For example the Los Frailes dam break (near Seville, Spain), April 1998. As of August 2002 the cleanup cost was 276
million Euros (El Pas/El Mundo, August 3, 2002)
18
For example, the State of Alaska does not require the use of the Maximum Credible Earthquake for tailings dam design.
(Alaska Department of Natural Resources, 2005, Table 6-2. Operating- and Safety-Level Seismic Hazard Risk)
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For the earthquake safety evaluation the same criteria (dam must withstand the MCE ground motion)
as for the hydrological safety (PMF must be released safely) have to be considered." (Wieland, M,
ICOLD, 2008, p.7)
Once the size of the design seismic event has been determined, it must be given a location. The further
away the tailings dam is from the location of the earthquake, the less energy the tailings dam will need to
withstand in order to maintain its structural integrity. The closer the location of the earthquake to the
tailings dam, the higher the cost of building the dam, because the closer the earthquake the more energy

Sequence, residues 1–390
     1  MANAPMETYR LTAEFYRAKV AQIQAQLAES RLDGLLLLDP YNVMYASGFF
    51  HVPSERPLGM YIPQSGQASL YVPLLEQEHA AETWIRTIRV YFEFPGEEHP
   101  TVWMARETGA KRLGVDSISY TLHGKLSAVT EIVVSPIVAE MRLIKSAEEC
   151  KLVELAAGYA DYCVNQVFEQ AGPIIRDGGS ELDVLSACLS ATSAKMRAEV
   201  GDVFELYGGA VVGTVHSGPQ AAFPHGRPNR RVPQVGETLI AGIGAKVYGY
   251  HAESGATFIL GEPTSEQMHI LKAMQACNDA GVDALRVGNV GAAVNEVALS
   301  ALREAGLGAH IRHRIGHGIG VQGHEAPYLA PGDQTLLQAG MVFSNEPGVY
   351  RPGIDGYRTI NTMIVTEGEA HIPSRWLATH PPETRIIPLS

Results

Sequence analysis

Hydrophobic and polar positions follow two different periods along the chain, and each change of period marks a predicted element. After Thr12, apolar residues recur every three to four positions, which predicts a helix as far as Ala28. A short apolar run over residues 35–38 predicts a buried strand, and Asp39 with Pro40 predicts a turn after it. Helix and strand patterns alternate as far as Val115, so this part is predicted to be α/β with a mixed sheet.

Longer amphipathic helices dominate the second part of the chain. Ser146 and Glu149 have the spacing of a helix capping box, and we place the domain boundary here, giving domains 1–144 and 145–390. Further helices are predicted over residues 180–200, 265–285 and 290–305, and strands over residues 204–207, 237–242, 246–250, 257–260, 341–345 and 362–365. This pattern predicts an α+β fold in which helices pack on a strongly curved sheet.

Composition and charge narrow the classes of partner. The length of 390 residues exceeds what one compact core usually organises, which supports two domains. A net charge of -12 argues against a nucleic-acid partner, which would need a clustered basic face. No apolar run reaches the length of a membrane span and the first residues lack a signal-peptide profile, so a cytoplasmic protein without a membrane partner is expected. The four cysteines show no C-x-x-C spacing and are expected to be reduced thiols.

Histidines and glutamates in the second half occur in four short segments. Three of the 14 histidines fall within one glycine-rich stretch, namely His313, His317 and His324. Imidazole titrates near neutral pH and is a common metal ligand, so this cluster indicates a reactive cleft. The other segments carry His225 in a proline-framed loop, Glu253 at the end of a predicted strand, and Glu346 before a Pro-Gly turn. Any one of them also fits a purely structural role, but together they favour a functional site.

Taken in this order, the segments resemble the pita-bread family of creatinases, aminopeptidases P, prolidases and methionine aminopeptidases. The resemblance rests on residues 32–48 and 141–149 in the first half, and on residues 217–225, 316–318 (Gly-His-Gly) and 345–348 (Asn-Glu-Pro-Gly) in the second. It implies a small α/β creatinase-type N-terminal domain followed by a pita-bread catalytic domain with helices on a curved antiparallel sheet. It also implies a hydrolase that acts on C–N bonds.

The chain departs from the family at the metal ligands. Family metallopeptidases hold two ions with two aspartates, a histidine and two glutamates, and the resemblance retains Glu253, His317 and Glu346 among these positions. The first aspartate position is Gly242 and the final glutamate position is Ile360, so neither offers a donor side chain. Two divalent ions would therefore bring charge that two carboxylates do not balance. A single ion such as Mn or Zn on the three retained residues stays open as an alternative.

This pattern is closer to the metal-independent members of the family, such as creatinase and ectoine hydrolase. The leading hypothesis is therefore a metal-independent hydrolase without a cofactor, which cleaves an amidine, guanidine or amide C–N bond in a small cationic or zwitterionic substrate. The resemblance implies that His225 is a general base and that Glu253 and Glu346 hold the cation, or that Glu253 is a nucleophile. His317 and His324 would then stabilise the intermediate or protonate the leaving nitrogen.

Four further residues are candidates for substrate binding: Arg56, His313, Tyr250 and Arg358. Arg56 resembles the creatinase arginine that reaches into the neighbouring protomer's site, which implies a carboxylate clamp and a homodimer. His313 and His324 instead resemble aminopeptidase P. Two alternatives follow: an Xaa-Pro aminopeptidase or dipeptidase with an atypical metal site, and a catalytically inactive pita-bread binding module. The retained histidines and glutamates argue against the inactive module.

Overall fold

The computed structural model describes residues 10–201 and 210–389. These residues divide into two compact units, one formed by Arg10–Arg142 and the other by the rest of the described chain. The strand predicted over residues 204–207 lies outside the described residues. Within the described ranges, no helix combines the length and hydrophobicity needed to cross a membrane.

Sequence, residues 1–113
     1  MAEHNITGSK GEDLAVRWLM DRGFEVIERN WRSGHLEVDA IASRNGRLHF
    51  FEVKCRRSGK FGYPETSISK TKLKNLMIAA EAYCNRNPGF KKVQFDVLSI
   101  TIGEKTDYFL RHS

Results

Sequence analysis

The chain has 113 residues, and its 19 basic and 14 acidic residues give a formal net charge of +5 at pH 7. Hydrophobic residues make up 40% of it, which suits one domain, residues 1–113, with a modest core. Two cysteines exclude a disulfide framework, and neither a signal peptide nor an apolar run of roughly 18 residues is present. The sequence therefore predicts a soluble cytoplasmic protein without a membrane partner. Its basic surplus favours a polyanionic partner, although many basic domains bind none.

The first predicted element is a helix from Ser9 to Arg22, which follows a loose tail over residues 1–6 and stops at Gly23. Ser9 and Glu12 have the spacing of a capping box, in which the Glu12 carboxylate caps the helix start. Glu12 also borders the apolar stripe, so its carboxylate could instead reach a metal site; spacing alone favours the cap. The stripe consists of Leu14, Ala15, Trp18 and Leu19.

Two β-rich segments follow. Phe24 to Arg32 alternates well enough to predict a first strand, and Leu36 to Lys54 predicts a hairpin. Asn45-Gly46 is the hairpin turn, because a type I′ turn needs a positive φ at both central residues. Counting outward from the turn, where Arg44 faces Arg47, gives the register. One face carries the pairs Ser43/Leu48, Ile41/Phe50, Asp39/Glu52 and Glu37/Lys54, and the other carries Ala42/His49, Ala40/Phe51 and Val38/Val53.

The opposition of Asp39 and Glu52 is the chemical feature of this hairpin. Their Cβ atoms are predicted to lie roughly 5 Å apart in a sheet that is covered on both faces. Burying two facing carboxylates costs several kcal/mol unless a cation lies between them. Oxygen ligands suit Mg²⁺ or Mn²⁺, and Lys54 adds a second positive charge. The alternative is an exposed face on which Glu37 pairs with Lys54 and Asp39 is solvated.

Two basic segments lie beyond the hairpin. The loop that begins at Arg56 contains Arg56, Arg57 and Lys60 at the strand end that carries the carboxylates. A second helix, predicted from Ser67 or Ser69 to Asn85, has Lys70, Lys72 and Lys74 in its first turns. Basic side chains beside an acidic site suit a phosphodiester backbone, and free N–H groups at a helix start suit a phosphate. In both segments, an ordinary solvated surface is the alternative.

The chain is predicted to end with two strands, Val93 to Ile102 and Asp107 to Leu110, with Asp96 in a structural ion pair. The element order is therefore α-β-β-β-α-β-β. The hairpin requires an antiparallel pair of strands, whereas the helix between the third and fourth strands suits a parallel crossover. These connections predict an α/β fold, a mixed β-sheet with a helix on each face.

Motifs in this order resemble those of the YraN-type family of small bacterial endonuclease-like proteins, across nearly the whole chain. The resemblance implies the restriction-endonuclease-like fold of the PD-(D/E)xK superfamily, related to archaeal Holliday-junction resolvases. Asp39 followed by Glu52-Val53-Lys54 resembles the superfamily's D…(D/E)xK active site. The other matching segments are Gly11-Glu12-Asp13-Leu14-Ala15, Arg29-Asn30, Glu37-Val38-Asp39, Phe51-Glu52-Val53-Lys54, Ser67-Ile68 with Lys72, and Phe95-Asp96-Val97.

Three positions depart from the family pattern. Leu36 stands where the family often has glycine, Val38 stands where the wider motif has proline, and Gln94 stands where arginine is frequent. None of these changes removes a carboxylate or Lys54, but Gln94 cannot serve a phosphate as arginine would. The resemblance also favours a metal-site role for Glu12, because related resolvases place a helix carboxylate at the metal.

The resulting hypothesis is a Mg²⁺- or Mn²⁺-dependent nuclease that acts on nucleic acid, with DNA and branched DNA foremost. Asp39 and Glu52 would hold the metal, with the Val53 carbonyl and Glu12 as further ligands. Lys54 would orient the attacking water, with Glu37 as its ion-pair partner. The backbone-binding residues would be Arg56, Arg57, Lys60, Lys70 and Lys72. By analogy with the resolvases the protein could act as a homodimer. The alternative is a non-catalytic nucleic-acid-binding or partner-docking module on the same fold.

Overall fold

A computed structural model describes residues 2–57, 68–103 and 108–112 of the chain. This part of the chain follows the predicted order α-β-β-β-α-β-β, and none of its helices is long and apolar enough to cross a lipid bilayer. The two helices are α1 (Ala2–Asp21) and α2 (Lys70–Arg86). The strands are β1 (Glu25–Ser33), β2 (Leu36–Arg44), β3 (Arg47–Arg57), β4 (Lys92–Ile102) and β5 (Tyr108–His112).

the dam will have to withstand.
Seismologists know that there are many active faults that have not been mapped or have been mapped
inaccurately, that some faults believed to be inactive may actually be active, and that there are many
inactive faults that may become active again.
19
Because of these considerations, probabilistic methods are
the more conservative way to determine the magnitude of a Maximum Credible Earthquake for dam
analysis.
For tailings dams the most conservative choice for the location of the Maximum Design Earthquake
would be what is sometimes referred to as a floating earthquake on an undiscovered fault that passes
very near the site of the dam. This is a way of recognizing that we do not know the present, future, and
even the past locations of significant faulting, and associated earthquakes (National Research Council,
1985, pp. 67-68). The conservative choice for a Maximum Design Earthquake would be a Maximum
Credible Earthquake that ruptures the ground surface on which the dam is built.
Post Closure Monitoring and Maintenance
Even when the reclamation process has been completed for a tailings facility, there is still need for
ongoing monitoring and maintenance.
Experience regarding the long term behavior of tailings storage facilities (TSFs) is limited. Most
are still in the phase of after care. Our knowledge is constantly increasing, but the closed and
remediated tailings dams today (2006) are less than one or two decades old i.e. most experience of the
long term stability of tailings dams after closure is still limited. In this case the long term is defined
as 1000 years, or more. (ICOLD, 2006, p. 39)